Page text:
Separately, the Special Rapporteur met with lawyers representing individuals and groups who have brought legal proceedings in Pakistan in connection with the use of drones in counter-terrorism operations in the FATA. He also met with a group of tribal leaders (Maliks) from North Waziristan who had been selected to form a delegation to meet the Special Rapporteur as the result of a tribal Shura specially convened for the purpose. In addition, he met with a group of direct and indirect victims of drone strikes, including individuals who had suffered serious physical injuries, individuals who had witnessed fatal drone strikes, and individuals who had lost family members in such strikes. He also met with a senior judge of the Peshawar High Court familiar with the issues, a number of opposition politicians, journalists and civil society representatives.
The Special Rapporteur is grateful to the Ministry of Foreign Affairs for facilitating his visit, and for the helpful co-operation he received from all officials and Government representatives.
During the visit, the Government emphasized its consistently-stated position that drone strikes on its territory are counter-productive, contrary to international law, a violation of Pakistan’s sovereignty and territorial integrity, and that they should cease immediately.
The Special Rapporteur was informed by the Government that Pakistan does not consider the situation in FATA to amount to an armed conflict (whether international or non-international). To the contrary, Pakistan considers that its own military forces operating in the region are engaged in a law enforcement operation aimed at countering terrorism in support of the civilian administration.
The Government, including the Foreign Minister, emphasised to the Special Rapporteur that the principal threat posed by the Pakistani Taleban (TTP) and other terrorist groupings operating in FATA is directed at military and civilian targets of Pakistan itself and that the country has sustained very heavy losses and damage through acts of terrorism.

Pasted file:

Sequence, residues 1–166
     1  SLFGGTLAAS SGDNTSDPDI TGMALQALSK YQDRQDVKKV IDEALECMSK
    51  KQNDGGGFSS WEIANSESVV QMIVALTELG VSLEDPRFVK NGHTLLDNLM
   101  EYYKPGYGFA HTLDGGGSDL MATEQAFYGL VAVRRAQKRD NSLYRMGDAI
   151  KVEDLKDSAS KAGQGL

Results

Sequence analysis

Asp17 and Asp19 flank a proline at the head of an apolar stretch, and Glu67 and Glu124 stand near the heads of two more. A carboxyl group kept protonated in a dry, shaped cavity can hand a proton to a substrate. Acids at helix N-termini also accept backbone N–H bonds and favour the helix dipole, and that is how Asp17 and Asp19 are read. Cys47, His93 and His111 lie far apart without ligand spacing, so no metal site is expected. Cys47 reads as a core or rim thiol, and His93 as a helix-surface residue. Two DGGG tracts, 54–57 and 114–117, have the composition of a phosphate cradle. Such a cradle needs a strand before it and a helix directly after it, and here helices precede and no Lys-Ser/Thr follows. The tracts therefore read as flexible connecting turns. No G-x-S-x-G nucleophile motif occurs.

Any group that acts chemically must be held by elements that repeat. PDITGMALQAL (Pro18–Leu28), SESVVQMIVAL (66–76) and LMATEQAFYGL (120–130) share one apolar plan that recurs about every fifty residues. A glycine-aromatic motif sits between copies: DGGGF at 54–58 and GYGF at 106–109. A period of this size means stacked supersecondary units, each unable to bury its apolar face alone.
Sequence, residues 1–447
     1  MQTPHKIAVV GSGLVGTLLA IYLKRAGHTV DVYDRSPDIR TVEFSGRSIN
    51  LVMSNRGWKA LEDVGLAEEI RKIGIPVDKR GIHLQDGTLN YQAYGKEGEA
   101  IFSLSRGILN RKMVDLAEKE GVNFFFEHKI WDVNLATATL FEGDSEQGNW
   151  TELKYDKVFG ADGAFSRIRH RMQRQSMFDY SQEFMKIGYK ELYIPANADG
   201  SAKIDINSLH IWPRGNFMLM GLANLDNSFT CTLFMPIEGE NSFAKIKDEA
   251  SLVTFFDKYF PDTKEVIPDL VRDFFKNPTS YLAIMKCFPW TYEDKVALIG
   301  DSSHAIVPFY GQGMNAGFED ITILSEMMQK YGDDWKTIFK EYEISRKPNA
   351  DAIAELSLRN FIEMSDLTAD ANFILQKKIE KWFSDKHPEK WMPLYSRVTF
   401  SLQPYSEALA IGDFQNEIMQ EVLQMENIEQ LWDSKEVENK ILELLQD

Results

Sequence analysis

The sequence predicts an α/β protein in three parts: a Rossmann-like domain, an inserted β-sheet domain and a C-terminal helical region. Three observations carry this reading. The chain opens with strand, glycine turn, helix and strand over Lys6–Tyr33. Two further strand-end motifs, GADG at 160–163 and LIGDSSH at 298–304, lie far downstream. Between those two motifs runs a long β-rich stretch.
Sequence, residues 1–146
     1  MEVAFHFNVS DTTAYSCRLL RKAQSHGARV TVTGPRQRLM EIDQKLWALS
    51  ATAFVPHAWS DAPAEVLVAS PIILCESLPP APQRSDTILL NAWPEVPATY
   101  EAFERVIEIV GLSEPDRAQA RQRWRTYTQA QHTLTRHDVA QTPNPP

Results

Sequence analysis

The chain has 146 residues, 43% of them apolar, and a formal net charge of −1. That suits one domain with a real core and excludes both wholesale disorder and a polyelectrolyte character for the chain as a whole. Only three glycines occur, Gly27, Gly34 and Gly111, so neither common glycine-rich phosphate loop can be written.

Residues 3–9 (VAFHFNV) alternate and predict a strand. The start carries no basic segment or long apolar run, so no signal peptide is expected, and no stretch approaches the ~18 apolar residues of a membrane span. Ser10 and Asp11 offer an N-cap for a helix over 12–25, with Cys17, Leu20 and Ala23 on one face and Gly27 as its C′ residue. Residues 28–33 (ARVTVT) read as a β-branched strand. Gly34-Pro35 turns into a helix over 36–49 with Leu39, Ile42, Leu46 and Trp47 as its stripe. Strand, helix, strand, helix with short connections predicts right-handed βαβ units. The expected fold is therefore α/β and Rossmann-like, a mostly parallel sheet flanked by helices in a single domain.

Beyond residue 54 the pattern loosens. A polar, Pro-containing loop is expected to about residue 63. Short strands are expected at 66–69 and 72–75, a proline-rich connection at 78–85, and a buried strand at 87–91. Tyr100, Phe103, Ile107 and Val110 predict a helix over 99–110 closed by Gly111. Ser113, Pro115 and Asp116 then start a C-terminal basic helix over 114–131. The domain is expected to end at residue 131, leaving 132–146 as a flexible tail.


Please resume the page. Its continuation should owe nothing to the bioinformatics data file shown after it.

Official figures showed that nearly seven thousand Pakistani soldiers and policemen had been killed in acts of terrorism and that the total death toll, including civilian victims of terrorism, was over 40,000 people.
The Government informed the Special Rapporteur that the total economic cost of the struggle against terrorism in Pakistan over the last decade has been nearly $70 billion. The Government emphasised that its commitment to ethical, effective, sustainable and lasting solutions to the problem of terrorism on its territory was a matter of the greatest national important and among the highest priorities of Government.
In order to achieve this, the Government informed the Special Rapporteur that Pakistan is committed to an effective counter-terrorism strategy that combines law enforcement with dialogue and development in an effort to tackle not only the manifestations of terrorism, but also its root causes in the region.